Wednesday, February 27

or dysfunctional nihilism

this is a bunch of small thoughts I've been collecting for a while. please, forgive the datedness and borrowedness of some of them and the existential generality of the others.
there is no shortage of tragedy in the world. perhaps this is because there is no end to our human ability to read our circumstances as deeply dramatic, emotional, and meaningful narrative. there is no shortage of tragedy at all. sometimes the tiniest things can dissolve away all the good things in your head, until it's hard to focus on anything but how little control you have over the way your life goes.

is it more depressing to think about how little control you have over the way anyone else's life goes?

for months and months I've wanted to blog something about this rather artistic video appeal concerning 'the leading cause of death in the world,' apparently, because... well, I guess because it seems clever. a clever and pathetic appeal to writers and journalists. and this kind of art and rhetoric intrigues me for some reason.

yesterday the grip of my own small tragic mood was loosened when I got out of bed and started cleaning my closet. a small thing. unimportant except in light of the fact that I'll be moving around the corner in a week or so, and need to put things in boxes and suitcases in preparation. anything, any mindless chore to distract us from the howling nothingness, eh?

I am totally up for wearing plaid with stripes. who cares anyway?

but we do. we care. we care about the silly details of what we wear every day and we care about the plight of illiterate children in Africa and lots of things in between. and we aren't exactly helpless puppets in the hands of fate, are we? I don't think so. there are things we can do. but do we? John Green provided me with the phrase 'functional nihilism' in this as-usual-enlightening video. we all wear a nihilist hat from time to time. but it isn't the only hat we can wear. we can get out of bed and do things. make stuff happen. change the world. in fact we can't really help changing the world. there is no running away. your breath, your apathy, your words, your footsteps. it's all here being mixed in with everyone else's.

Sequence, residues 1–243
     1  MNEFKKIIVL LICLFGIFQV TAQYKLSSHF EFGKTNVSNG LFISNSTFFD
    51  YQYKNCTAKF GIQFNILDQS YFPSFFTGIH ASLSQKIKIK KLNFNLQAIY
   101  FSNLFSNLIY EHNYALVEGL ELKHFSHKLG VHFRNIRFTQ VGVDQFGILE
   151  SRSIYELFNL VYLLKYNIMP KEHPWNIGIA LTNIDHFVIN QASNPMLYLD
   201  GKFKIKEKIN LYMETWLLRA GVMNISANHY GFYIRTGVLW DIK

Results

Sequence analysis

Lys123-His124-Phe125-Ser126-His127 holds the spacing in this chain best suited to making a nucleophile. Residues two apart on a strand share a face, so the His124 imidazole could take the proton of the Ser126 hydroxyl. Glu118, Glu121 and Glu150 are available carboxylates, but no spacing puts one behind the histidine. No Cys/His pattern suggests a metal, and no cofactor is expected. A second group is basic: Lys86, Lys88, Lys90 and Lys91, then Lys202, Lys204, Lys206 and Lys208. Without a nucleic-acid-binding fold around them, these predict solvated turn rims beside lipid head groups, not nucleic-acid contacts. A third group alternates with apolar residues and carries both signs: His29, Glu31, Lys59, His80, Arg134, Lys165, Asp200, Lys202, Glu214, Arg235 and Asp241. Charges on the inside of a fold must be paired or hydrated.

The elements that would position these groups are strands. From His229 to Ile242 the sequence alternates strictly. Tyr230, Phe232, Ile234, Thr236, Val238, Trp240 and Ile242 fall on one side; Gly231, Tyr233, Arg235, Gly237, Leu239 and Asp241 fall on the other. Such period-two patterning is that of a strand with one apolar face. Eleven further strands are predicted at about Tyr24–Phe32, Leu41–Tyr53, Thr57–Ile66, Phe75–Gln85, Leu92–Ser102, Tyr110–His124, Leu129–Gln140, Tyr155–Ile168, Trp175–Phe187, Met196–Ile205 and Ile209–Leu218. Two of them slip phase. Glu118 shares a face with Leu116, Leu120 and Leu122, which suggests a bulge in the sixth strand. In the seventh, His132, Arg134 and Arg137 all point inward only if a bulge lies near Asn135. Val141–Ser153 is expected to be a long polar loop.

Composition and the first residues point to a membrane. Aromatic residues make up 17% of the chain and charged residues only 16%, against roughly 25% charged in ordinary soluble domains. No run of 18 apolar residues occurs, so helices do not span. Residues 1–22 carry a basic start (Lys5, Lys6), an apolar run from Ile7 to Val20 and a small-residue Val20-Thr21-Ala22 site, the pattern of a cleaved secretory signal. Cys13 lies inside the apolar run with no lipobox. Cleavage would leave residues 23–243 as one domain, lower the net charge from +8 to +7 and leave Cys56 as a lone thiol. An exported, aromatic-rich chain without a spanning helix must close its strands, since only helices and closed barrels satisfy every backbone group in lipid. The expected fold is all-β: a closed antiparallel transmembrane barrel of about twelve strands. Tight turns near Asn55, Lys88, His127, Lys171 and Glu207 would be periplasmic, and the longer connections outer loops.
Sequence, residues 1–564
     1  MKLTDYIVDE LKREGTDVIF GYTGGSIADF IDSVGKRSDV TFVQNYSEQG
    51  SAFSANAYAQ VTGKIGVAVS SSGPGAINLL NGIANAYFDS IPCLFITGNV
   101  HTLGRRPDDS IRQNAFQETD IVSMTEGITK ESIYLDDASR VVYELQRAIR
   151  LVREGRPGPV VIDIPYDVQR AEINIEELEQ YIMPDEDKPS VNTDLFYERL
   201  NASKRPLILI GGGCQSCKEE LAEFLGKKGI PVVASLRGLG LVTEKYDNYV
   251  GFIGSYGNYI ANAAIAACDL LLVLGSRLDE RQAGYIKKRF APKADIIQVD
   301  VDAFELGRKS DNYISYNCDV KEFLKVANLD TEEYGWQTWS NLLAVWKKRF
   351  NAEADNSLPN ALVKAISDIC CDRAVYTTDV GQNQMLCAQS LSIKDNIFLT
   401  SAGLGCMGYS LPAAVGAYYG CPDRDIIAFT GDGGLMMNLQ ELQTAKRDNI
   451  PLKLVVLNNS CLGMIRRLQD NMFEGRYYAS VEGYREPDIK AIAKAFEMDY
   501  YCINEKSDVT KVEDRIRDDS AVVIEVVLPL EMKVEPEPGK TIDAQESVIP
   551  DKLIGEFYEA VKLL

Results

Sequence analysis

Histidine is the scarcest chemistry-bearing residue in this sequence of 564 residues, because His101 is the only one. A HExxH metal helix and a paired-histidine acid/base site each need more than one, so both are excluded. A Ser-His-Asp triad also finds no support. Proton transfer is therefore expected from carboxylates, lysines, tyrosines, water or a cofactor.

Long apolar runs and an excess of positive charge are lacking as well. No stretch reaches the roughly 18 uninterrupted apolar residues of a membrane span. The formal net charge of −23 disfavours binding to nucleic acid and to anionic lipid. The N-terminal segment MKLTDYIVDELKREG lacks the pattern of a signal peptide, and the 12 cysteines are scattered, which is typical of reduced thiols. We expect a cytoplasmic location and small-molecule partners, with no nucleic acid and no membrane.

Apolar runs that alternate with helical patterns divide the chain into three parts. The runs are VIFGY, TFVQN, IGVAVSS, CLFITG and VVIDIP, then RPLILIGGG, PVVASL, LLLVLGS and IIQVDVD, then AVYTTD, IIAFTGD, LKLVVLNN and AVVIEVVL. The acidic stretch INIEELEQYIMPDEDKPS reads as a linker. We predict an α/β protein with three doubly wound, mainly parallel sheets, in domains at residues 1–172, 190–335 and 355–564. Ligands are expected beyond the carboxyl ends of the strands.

are there reasons behind all this trite and inescapable no-man-is-an-island stuff? maybe. are they at all effable reasons? maybe not.

and this brings me to Ms. Rachel Botsman and her presentation on the the case for collaborative consumption. I can't remember where or when I came across this, nor am I certain exactly how it ought to connect with the above quote from Einstein or the Solidarit├ęs International video. maybe you all can help me out with that part.

a global village. trust mechanics. and this swap-trading stuff is the kind of thing my lovely, clever sister would get into and make awesomeness happen with, if she got half a chance.

maybe I'll read Botsman's book sometime. maybe I'll write one myself sometime...

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